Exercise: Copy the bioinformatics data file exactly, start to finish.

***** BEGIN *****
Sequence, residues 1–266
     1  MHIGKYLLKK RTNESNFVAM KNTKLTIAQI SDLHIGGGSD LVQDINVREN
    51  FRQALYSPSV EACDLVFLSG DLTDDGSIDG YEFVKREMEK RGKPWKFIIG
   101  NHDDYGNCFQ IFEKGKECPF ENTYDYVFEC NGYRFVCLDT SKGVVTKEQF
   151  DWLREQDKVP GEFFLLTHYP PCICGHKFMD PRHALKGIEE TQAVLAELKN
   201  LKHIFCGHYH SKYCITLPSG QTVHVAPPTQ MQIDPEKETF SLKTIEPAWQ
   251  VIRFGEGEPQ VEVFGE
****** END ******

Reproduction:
Sequence, residues 1–266
     1  MHIGKYLLKK RTNESNFVAM KNTKLTIAQI SDLHIGGGSD LVQDINVREN
    51  FRQALYSPSV EACDLVFLSG DLTDDGSIDG YEFVKREMEK RGKPWKFIIG
   101  NHDDYGNCFQ IFEKGKECPF ENTYDYVFEC NGYRFVCLDT SKGVVTKEQF
   151  DWLREQDKVP GEFFLLTHYP PCICGHKFMD PRHALKGIEE TQAVLAELKN
   201  LKHIFCGHYH SKYCITLPSG QTVHVAPPTQ MQIDPEKETF SLKTIEPAWQ
   251  VIRFGEGEPQ VEVFGE